Car bombing rocks Damascus on last day of ‘ceasefire’


At least 10 people have been killed in a car bombing in the Syrian capital Damascus, state media report, on the fourth day of a supposed ceasefire.

State TV said women and children were among the victims of the attack in the south-eastern district of Jaramana.

Earlier, activists said government jets had bombed Harasta, in the north-east.

UN envoy Lakhdar Brahimi, who brokered the truce over the Islamic holiday of Eid al-Adha, said he regretted that both sides were not complying with it.

“The situation is bad and getting worse,” he told reporters in Moscow after talks with Russian Foreign Minister Sergei Lavrov.

But Mr Brahimi nevertheless insisted that he would not be discouraged by the apparent failure of his initiative, which he had hoped would allow a political process to develop and lead to a permanent end to hostilities.

“It will not discourage us because Syria is very important and the people of Syria deserve our support and interest,” he added. “We think this civil war must end… and the new Syria has to be built by all its sons.”

At least 110 people – including 39 civilians, 34 rebel fighters and 35 security forces personnel – were killed on Sunday, according to the UK-based activist group the Syrian Observatory for Human Rights (SOHR).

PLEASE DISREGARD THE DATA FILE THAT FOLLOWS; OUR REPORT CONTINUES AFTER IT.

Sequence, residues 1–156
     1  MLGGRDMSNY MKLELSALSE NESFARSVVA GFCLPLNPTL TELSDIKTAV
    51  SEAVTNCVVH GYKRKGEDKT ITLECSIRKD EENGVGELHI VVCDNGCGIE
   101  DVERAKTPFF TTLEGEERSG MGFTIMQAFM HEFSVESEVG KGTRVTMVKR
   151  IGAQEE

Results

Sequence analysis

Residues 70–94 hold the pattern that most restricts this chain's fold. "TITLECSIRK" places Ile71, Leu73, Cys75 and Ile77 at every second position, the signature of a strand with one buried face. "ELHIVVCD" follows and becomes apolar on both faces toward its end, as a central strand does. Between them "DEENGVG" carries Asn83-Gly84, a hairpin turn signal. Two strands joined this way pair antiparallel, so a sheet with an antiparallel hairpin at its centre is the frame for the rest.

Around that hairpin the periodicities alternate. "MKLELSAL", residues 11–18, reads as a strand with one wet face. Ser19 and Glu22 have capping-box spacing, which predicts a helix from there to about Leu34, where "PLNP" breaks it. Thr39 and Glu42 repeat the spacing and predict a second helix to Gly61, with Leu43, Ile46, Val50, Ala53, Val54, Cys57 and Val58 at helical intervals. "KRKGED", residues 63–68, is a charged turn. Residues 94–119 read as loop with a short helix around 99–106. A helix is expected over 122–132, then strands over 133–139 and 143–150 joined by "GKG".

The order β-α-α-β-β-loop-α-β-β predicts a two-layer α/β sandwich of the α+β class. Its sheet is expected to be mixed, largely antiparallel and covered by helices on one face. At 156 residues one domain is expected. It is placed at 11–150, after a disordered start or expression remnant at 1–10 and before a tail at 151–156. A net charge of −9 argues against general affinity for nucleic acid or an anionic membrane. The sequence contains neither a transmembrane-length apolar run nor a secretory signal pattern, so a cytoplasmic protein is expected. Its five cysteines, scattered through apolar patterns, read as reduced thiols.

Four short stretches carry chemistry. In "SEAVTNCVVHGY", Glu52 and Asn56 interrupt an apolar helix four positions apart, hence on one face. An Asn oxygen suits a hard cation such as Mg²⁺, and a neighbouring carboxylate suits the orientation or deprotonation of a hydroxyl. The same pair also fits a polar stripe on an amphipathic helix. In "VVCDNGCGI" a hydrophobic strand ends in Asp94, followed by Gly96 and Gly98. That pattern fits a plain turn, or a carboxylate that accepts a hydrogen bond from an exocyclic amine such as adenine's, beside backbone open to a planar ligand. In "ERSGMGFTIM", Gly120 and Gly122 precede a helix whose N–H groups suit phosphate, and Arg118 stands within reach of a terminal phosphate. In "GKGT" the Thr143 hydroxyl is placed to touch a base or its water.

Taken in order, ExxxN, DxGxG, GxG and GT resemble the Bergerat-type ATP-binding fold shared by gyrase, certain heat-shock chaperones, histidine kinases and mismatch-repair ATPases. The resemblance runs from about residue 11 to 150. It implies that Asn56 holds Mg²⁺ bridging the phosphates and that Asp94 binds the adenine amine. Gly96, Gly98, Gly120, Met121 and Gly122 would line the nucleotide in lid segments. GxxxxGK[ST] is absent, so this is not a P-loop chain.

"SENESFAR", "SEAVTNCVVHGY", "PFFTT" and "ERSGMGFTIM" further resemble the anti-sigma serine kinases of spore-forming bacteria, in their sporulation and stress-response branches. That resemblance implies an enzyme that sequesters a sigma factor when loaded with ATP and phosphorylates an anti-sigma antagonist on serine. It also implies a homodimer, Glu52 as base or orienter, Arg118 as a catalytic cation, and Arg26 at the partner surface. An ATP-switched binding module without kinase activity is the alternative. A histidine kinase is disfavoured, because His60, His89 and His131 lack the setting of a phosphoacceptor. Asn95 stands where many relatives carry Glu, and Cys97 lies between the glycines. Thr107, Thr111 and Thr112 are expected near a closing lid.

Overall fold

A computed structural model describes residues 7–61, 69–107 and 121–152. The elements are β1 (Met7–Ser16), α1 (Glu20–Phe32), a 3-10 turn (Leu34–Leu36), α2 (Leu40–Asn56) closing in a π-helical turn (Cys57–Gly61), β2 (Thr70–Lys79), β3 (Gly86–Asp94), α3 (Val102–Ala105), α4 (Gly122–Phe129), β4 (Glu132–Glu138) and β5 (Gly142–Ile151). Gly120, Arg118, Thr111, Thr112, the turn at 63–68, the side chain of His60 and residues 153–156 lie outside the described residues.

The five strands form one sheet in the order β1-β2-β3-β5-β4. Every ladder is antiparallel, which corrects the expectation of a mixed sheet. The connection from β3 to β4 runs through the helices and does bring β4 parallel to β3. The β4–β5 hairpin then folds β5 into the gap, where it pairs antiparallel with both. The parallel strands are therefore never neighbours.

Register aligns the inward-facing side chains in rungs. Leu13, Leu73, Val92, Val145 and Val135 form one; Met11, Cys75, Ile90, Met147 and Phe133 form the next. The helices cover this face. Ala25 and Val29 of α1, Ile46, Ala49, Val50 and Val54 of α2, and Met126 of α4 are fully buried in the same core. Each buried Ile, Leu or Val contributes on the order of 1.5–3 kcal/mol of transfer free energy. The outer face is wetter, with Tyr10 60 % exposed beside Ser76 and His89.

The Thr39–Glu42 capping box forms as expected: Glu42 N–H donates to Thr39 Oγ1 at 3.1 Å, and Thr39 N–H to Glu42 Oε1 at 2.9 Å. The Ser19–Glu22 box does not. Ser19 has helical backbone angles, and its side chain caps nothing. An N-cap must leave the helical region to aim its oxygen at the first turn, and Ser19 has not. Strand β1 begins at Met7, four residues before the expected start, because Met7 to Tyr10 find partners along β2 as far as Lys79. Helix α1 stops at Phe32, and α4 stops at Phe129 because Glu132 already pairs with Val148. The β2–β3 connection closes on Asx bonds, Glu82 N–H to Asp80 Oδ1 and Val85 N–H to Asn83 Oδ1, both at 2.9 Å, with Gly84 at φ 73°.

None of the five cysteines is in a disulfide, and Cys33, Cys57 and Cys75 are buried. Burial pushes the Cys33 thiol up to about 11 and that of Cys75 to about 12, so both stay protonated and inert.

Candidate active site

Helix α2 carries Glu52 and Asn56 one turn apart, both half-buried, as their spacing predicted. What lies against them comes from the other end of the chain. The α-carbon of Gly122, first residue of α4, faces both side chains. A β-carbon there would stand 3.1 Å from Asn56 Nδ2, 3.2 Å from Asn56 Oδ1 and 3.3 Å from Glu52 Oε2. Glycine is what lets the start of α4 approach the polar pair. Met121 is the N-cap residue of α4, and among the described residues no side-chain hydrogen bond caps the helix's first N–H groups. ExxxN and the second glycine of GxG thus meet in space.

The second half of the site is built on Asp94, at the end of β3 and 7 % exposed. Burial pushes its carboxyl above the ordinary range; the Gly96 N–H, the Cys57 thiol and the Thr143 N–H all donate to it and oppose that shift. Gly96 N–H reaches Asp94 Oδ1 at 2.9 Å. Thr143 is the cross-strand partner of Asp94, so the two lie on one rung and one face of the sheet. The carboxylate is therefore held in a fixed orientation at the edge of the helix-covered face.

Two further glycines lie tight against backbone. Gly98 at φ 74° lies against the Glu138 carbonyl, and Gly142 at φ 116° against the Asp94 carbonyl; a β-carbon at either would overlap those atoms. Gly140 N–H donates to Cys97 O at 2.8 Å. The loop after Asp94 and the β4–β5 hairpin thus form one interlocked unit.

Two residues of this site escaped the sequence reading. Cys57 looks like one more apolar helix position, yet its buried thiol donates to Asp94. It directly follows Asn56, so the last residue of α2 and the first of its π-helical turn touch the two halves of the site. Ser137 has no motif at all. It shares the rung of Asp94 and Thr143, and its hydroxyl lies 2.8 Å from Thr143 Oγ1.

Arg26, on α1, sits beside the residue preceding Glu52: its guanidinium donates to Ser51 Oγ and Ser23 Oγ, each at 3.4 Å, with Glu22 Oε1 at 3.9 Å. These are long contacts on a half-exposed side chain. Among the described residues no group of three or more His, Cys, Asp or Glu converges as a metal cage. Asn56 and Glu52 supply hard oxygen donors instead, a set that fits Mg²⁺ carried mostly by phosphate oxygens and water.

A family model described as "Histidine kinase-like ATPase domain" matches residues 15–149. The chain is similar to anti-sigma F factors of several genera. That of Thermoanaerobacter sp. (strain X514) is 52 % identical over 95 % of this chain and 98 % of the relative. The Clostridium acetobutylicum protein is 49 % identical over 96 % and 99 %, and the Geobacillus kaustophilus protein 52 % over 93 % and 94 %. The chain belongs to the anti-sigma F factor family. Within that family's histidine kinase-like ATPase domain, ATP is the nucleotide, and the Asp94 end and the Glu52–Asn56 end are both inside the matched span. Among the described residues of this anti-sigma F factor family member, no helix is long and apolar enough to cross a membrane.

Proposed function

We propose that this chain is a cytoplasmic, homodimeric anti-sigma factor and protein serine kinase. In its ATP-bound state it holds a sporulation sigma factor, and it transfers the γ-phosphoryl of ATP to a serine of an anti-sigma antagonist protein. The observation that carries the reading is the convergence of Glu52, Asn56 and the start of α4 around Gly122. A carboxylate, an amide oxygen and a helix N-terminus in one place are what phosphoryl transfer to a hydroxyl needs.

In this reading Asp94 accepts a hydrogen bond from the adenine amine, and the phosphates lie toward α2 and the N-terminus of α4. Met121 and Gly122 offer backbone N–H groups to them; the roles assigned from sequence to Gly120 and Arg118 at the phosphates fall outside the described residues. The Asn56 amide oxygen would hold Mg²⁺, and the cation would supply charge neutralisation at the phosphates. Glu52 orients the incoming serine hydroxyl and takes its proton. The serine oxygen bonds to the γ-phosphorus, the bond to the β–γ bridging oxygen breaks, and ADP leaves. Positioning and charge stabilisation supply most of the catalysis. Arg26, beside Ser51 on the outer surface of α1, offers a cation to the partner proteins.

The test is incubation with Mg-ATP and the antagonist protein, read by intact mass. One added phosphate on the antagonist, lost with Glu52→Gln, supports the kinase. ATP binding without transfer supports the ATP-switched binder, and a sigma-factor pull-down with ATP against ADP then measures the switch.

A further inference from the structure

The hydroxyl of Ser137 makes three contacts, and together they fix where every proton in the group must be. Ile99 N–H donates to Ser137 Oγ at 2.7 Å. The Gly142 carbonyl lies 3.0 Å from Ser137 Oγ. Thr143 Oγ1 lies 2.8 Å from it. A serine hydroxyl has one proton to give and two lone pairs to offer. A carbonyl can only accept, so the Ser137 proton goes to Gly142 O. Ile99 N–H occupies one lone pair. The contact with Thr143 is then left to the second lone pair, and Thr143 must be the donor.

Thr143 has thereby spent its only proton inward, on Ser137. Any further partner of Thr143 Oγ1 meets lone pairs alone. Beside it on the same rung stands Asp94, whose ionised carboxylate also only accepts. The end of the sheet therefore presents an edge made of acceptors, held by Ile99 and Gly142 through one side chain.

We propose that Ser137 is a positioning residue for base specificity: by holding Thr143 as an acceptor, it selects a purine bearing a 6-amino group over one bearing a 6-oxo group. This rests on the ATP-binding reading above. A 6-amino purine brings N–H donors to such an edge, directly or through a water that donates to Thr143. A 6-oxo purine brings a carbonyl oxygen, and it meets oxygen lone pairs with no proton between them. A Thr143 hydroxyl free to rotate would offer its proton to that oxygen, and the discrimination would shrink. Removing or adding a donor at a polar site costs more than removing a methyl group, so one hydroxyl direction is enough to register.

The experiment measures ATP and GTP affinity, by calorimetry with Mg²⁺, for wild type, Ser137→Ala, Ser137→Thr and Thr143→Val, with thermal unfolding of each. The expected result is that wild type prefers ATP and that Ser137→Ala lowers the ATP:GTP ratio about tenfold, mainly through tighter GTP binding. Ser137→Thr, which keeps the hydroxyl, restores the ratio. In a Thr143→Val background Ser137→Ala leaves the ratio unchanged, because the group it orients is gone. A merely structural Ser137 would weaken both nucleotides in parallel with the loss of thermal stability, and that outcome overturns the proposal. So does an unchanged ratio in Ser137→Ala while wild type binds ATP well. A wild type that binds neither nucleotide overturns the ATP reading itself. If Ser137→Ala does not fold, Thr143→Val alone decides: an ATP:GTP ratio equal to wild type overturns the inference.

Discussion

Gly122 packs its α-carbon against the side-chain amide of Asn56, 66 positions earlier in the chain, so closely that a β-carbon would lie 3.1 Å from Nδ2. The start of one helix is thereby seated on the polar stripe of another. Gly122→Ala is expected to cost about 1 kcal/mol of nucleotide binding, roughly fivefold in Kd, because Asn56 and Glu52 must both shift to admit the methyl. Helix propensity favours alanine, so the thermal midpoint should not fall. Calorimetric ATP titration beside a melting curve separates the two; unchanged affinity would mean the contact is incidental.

‘Cross-border shelling’

The BBC’s Jim Muir in Beirut says there has been no real pause in hostilities in Syria since the four-day ceasefire supposedly came into force on Friday morning.

On Monday morning, videos were posted online by activists purportedly showing government aircraft bombing Harasta. The footage also showed people being dug out of the rubble and fleeing the area.

Later, state media reported that a “terrorist group” had detonated a car bomb outside a bakery in Jaramana, a predominantly Christian and Druze area of the capital.

A government official told the Associated Press that the explosion had also wounded 41 people and caused heavy damage.

The Local Co-ordination Committees, an opposition activist network, said the car bomb appeared to have targeted a police station.

Overnight, troops attacked rebel positions in the southern suburb of al-Hajar al-Aswad and explosions were heard in nearby Qadam, according to the Syrian Revolution General Council, an opposition activist group.

There were also clashes in the northern city of Aleppo, and the nearby towns of Hayan, Kfar Hamra and Anadan, the Syrian Observatory said.

The SOHR is one of the most prominent organisations documenting and reporting incidents and casualties in the Syrian conflict. The group says its reports are impartial, though its information cannot be verified.

In a separate development on Monday, the Turkish military fired back after a shell fired from Syria landed near the village of Besaslan in the southern province of Hatay, state media said, amid clashes between Syrian soldiers and rebels in the nearby border town of Harim.

Turkish forces have responded to every cross-border shelling since five Turks were killed on 3 October. No injuries were reported on Monday.

According to opposition and human rights activists, more than 35,000 people have been killed since protests against President Bashar al-Assad erupted in March 2011, while the UN estimates at least 20,000 have died.